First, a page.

Most of us have been socialized to avoid conflict. From childhood, we are told to play nice, be positive, and help others. In fact, agreeableness happens to be one of the “Big Five Personalities” that psychologists have found to determine a person’s success in life. We are also conditioned to avoid discomfort. Consequently, many of us grow up to be optimistic people-pleasers who bury painful truths (small and large) under the cover of artificial harmony. According to marriage expert Dr. John Gottman, unhappy couples wait an average of six years before getting help. That’s over 2,000 days of resentment that amasses before beginning the important work of learning to resolve differences effectively. So what are we so afraid of? Perhaps the fear is that these conversations can devolve into aggressive encounters that hurt feelings and yield no results. Certainly, the forms of violent communication we are experiencing today, where mean-spirited attacks are used to coerce, shame, inhibit, and generally deny the needs and liberties of others, are not productive. Healthy conflict involves the acknowledgment of brutal facts and difficult feelings, a willingness to put them on the table, and skill in dialogue rather than debate, where all parties can speak up and be heard. 

We have to accept that conflict is a useful part of life, a necessary catalyst for transformative change. Over many years of supporting organizations through growing pains, I have found that the first, critical step in facilitating healthy conflict is establishing a common language for understanding and communicating with others. There are predictable patterns and differences in how people perceive and approach each other; some people will “speak your language” and others will appear foreign to your instincts and motivations. These differences can easily be misread and result in pushing the buttons that can degenerate into violent communication. 

There are many ways of building a foundation for healthy relationships; in conjunction with the practices listed above, I use a tool called Elements at my firm (and in my family) to help people jump-start their understanding of the best way to read and collaborate with people unlike them. Find a framework that works for you and see how a curious mindset, combined with these simple tools, can guide you through relationship challenges, now and in the times ahead.

Related: How Google, Facebook and Amazon Handle Office Romances …


Continue Reading
Click to comment

Leave a Reply

Your email address will not be published. Required fields are marked *


The Trump campaign celebrated a growth record that Democrats downplayed.



The White House celebrated economic growth numbers for the third quarter released on Thursday, even as Joseph R. Biden Jr.’s presidential campaign sought to throw cold water on the report — the last major data release leading up to the Nov. 3 election — and warned that the economic recovery was losing steam.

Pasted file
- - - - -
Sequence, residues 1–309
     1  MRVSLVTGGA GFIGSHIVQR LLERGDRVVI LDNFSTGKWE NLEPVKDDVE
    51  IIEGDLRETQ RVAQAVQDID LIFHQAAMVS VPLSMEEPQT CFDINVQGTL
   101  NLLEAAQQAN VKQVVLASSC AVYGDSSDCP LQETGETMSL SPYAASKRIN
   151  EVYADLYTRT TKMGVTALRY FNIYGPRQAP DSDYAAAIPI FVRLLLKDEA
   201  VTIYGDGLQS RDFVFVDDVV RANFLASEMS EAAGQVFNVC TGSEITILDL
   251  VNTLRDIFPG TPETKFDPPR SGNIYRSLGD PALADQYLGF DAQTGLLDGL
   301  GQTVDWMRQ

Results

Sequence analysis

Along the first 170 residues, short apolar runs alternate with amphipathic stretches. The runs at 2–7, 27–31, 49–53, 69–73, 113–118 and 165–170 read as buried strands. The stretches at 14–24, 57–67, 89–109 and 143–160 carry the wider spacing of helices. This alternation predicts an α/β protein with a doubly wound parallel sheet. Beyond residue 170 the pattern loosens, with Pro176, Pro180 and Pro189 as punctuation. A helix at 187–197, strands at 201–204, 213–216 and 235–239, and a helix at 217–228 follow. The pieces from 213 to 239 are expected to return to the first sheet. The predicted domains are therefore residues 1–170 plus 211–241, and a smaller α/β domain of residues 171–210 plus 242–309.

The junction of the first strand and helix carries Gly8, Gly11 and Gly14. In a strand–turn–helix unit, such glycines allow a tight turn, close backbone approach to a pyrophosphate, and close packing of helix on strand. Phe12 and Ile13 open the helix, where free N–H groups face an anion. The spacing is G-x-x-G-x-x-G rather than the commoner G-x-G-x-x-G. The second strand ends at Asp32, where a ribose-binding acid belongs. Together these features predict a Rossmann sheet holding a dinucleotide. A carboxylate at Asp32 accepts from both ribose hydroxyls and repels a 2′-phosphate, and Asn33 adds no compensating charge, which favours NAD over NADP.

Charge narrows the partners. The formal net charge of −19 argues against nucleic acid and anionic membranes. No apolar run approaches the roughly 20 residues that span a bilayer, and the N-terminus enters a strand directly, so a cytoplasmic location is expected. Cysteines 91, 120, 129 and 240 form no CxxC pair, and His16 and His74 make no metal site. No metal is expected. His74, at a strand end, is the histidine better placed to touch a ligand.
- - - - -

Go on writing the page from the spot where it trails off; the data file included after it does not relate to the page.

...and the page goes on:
The economy grew at a record pace last quarter, but the upswing was a partial bounce-back after an enormous decline and left the economy smaller than it was before the pandemic. The White House took no notice of those glum caveats.

“This record economic growth is absolute validation of President Trump’s policies, which create jobs and opportunities for Americans in every corner of the country,” Mr. Trump’s re-election campaign said in a statement, highlighting a rebound of 33.1 percent at an annualized rate. Mr. Trump heralded the data on Twitter, posting that he was “so glad” that the number had come out before Election Day.

The annualized rate that the White House emphasized extrapolates growth numbers as if the current pace held up for a year, and risks overstating big swings. Because the economy’s growth has been so volatile amid the pandemic, economists have urged focusing on quarterly numbers.

Those showed a 7.4 percent gain in the third quarter. That rebound, by far the biggest since reliable statistics began after World War II, still leaves the economy short of its pre-pandemic levels. The pace of recovery has also slowed, and now coronavirus cases are rising again across much of the United States, raising the prospect of further pullback.

“The recovery is stalling out, thanks to Trump’s refusal to have a serious plan to deal with Covid or to pass a new economic relief plan for workers, small businesses and communities,” Mr. Biden’s campaign said in a release ahead of Thursday’s report. The rebound was widely expected, and the campaign characterized it as “a partial return from a catastrophic hit.”

Economists have warned that the recovery could face serious roadblocks ahead. Temporary measures meant to shore up households and businesses — including unemployment insurance supplements and forgivable loans — have run dry. Swaths of the service sector remain shut down as the virus continues to spread, and job losses that were temporary are increasingly turning permanent.

“With coronavirus infections hitting a record high in recent days and any additional fiscal stimulus unlikely to arrive until, at the earliest, the start of next year, further progress will be much slower,” Paul Ashworth, chief United States economist at Capital Economics, wrote in a note following the report.


Continue Reading


Black and Hispanic workers, especially women, lag in the U.S. economic recovery.



The surge in economic output in the third quarter set a record, but the recovery isn’t reaching everyone.